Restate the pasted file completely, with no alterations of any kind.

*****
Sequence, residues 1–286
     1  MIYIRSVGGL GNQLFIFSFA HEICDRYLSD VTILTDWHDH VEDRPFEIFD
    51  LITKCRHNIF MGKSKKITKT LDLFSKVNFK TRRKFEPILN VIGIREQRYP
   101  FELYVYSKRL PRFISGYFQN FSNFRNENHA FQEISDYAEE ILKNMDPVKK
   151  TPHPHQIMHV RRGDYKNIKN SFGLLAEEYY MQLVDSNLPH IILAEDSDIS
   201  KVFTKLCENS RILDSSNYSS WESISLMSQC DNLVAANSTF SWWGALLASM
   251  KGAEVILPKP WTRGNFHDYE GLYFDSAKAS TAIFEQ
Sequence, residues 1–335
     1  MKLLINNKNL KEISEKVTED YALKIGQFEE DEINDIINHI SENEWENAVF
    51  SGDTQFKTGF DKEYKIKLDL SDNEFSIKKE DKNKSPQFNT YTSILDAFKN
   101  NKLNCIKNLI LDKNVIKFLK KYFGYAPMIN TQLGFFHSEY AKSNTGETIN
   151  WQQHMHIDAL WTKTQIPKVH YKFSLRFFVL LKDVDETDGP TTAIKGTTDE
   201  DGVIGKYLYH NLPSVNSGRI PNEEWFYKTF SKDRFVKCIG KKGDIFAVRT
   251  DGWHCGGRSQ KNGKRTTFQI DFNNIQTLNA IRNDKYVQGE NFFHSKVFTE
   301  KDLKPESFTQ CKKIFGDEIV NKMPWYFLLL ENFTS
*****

Sequence, residues 1–286
     1  MIYIRSVGGL GNQLFIFSFA HEICDRYLSD VTILTDWHDH VEDRPFEIFD
    51  LITKCRHNIF MGKSKKITKT LDLFSKVNFK TRRKFEPILN VIGIREQRYP
   101  FELYVYSKRL PRFISGYFQN FSNFRNENHA FQEISDYAEE ILKNMDPVKK
   151  TPHPHQIMHV RRGDYKNIKN SFGLLAEEYY MQLVDSNLPH IILAEDSDIS
   201  KVFTKLCENS RILDSSNYSS WESISLMSQC DNLVAANSTF SWWGALLASM
   251  KGAEVILPKP WTRGNFHDYE GLYFDSAKAS TAIFEQ
Sequence, residues 1–335
     1  MKLLINNKNL KEISEKVTED YALKIGQFEE DEINDIINHI SENEWENAVF
    51  SGDTQFKTGF DKEYKIKLDL SDNEFSIKKE DKNKSPQFNT YTSILDAFKN
   101  NKLNCIKNLI LDKNVIKFLK KYFGYAPMIN TQLGFFHSEY AKSNTGETIN
   151  WQQHMHIDAL WTKTQIPKVH YKFSLRFFVL LKDVDETDGP TTAIKGTTDE
   201  DGVIGKYLYH NLPSVNSGRI PNEEWFYKTF SKDRFVKCIG KKGDIFAVRT
   251  DGWHCGGRSQ KNGKRTTFQI DFNNIQTLNA IRNDKYVQGE NFFHSKVFTE
   301  KDLKPESFTQ CKKIFGDEIV NKMPWYFLLL ENFTS